Wednesday, December 4, 2013

bing bang bongo

This is the third post in a series on helping ensure the story you want to tell comes across clearly in your communication. Prior posts were on the topics of horizontal logic and vertical logic.

Bing, Bang, Bongo is a concept that was introduced by my junior high english teacher when we were learning to write essays. I don't actually remember what the bing, bang, bongo nomenclature referred to, but I do remember the main point - and I believe it can be leveraged when we need to tell a story with data as well.

The idea is that you should first tell your audience what you're going to tell them. Then you tell it to them. Then you tell them what you just told them. If you're the one creating or giving the presentation, this can feel really redundant (because you are familiar with the content and know your stuff well). But to your audience (who is not as close to the content), it feels nice: you've set their expectations, then provided detail, then recapped. The repetition helps cement it in their memory. After three times of telling them, hopefully they are clear on what they are meant to know and do from the story you've just told.

The next post in this series will focus on reverse storyboarding.

3 comments:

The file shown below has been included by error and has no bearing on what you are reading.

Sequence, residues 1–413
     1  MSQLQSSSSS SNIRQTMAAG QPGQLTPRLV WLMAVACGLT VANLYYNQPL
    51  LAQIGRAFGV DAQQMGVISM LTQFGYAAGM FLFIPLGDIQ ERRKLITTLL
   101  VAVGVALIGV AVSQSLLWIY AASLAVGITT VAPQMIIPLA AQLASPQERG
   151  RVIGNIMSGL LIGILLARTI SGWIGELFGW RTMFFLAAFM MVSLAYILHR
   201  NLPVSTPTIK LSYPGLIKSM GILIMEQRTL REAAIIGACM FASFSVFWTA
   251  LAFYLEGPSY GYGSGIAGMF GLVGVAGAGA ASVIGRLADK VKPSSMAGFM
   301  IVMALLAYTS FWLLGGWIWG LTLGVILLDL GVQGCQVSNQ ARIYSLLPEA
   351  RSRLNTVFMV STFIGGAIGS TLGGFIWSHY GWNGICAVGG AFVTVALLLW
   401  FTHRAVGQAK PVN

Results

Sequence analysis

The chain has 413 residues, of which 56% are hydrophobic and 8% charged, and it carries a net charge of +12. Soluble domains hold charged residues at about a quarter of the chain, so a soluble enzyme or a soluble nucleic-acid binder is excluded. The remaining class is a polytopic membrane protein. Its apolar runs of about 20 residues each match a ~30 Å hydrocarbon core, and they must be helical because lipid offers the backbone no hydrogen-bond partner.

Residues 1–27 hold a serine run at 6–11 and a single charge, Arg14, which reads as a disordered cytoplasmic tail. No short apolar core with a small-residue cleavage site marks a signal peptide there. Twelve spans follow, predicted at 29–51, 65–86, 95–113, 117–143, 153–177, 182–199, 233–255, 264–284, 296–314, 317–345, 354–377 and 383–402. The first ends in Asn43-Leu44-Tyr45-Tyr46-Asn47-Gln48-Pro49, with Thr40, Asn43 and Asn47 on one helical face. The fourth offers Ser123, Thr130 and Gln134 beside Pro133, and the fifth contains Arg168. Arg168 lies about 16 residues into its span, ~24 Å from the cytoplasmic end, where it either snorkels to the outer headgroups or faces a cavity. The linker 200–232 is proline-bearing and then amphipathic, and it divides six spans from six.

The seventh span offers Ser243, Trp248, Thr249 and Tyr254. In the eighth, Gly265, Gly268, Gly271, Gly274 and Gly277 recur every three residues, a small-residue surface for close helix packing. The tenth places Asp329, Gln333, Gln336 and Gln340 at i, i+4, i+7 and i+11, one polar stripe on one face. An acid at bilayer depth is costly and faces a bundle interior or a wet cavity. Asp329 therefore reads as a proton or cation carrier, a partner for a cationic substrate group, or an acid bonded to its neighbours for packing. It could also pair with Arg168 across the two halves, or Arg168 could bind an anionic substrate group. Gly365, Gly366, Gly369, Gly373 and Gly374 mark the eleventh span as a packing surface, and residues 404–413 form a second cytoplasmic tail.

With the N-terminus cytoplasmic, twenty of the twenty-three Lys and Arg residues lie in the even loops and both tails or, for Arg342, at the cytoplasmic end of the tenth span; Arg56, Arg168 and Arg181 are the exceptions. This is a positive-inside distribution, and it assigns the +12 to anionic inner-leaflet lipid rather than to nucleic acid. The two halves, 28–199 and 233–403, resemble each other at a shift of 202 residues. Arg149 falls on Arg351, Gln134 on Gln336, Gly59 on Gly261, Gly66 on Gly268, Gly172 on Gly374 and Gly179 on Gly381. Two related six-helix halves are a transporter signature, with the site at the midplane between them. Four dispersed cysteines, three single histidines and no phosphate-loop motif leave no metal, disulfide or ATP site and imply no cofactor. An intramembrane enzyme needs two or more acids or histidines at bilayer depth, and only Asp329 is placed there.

1. I wanted to tell you how much I love your Bing, Bang, Bongo.
    I feel the need to change it to Bing, Bang, and Bingo.
    The Bingo being the step when you recap; and Bingo.... they got your message at that point.
    However, I will leave it alone since it is direct and to the point.
    I learned this back in my Master’s program.
    Our instructor said the same thing but put it like this.

    -Tell them what you’re going to tell them
    -Tell them
    -Tell them what you told them.
    Tell Tell Tell
    Saying anything three times with details to explain in the middle, gives your message understanding. I find sometimes I even do this in conversation. Folks seem to remember more.
    Thanks
    Bill

    ReplyDelete
    Replies
    1. If you talk like that you do not work as a teacher.
      Then you ARE a teacher for the rest of your life ;-)

      Delete
  2. Hi Cole

    I'm gonna use some of these techniques at an upcoming presentation. Let's see how it goes.

    Cheers
    Paul
    @paulbanoub
    www.vizninja.com

    ReplyDelete